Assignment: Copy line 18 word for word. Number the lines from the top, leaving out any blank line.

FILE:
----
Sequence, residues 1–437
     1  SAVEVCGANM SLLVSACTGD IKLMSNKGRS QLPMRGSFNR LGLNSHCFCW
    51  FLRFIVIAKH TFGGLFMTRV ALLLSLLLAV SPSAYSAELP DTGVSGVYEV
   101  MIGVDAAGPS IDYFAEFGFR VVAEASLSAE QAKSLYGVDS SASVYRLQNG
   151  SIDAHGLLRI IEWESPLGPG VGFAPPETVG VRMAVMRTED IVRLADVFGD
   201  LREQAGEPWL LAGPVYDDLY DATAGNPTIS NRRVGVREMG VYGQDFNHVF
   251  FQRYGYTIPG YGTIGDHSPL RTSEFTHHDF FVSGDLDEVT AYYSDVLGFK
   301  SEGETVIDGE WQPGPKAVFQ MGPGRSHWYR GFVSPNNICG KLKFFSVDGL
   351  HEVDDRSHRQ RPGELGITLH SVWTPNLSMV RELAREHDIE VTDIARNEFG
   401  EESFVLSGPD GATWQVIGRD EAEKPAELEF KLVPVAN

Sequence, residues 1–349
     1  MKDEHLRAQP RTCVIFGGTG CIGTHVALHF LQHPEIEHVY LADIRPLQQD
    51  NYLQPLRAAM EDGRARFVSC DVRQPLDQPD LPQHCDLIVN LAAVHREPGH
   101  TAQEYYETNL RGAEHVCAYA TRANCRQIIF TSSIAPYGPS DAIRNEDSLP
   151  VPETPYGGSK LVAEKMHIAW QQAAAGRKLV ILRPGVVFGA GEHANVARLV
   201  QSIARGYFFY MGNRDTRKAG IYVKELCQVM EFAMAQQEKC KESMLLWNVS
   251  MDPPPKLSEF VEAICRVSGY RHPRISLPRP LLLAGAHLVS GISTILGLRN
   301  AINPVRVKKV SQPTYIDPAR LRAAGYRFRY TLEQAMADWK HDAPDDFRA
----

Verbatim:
   301  AINPVRVKKV SQPTYIDPAR LRAAGYRFRY TLEQAMADWK HDAPDDFRA